Boehner's labile behavior is troubling when you consider other historic wallowers in self-pity.  Richard Nixon, who resigned the presidency after his plot to undermine the Constitution was uncovered; Adolf Hitler, inventor of industrial mass murder to effect genocide; and Jimmy Swaggart, evangelist who sinned. You can think of many more.

Self-pity is not pleasant to watch.

There are plenty of reasons to weep. Being wrapped up in yourself is not a good one to put on public display. 

Tuesday, August 3, 2010

Only a few of us remember cars

A few generations ago there were people who remembered transportation exclusively on foot or by horse. 

Some of them witnessed the transition from horse to automobile. 

And right now lives a sub-population who will be able to tell their children, grandchildren, or great-grandchildren, about a time when the U.S. had an interstate highway system  modeled after the German autobahn. 

That was back in the age of automobiles.

Their kids will listen incredulously as parents tell them that everyone drove cars, machines run on internal combustion engines and fueled by gasoline. "What's gasoline?" a young one may ask.

You see, big companies that had a lot of influence over governments, pumped stuff called petroleum out of the ground. Petroleum is the fossilized remnants of ancient plants, and other stuff. The problem was that when you burn such fossil fuels to release the stored-up energy, one resulting exhaust gas is carbon dioxide.

Yeah, everyone knew that carbon dioxide was transparent to sunlight but opaque to re-radiated heat. Yes, that was discovered way before us old folk were born. Sure, people knew that fossil fuel emissions would change the climate, but the oil companies convinced the government to transport food and all manner of goods in big trucks on our version of the Autobahn, which Germany built before World War II to rapidly move military assets around the country.

 Other countries developed advanced rail systems.

You know, Henry Ford built the first mass produced car. Well, yeah, he and Hitler got a long fine. But that's another story.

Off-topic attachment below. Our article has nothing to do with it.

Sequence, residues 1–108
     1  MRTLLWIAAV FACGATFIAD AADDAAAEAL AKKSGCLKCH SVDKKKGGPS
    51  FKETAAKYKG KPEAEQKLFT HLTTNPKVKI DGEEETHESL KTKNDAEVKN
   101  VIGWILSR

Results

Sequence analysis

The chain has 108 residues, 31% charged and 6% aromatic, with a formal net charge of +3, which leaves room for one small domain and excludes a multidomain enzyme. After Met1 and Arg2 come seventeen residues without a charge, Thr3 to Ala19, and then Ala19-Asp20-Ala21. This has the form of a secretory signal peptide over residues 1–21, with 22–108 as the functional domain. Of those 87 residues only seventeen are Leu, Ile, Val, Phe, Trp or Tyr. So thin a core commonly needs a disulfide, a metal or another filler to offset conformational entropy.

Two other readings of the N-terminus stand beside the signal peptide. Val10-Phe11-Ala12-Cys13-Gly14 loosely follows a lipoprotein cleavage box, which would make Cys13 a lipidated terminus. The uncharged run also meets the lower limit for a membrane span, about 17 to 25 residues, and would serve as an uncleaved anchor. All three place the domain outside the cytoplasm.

Driving cars was a ball! No, everyone was  on the highway at the same time, staying between painted lines. Yeah, that was it.  Yes, of course cars crashed into each other and people got horribly maimed or killed.

Hundreds of thousands of people every year. It wasn't just Volkswagens, there were many brands of cars made all over the planet.

We didn't know any better.

No, wait. We did. We just needed our space and independence. Yeah, that's all. The spirit of young individualist pioneers. Yeoman farmers. That kinda thing. I don't really remember.

Yes! One person to a car, usually. Using a steering wheel.  No computerized  radio control cables in the road, no. 

 People would drive around drunk and crash into other cars, and people would talk on cell phones and even try to text each other. It was insane.

After cities were redesigned into places people wanted to live in, not escape from, and work was only a few blocks away, that all changed.  That's why we live in Bridgeport, and it's so nice.  Old Bridgeport was pretty horrible. You wouldn't have liked it.

It took a while, but people got used to buses, and computer controlled vehicles programmed not to collide. And trains. And bicycles! You wouldn't believe how fat people used to be. 

Yeah, I think it's much better now.  There were a few decades where people were using fuel cells, wind mills, and other things to generate electricity, before the answer became so obvious. It's been like through out history. Once someone does it, it doesn't seem obvious anymore.

Okay. Time for bed. 

You know, I may have to get a new pair of legs. These are beginning to kill me.

What has this country come to? I mean, really?

Creating and building your own private business is good experience for lowering the horrendous unemployment rate in Connecticut, right?

That's what candidates who have started their own businesses say. But it's not true.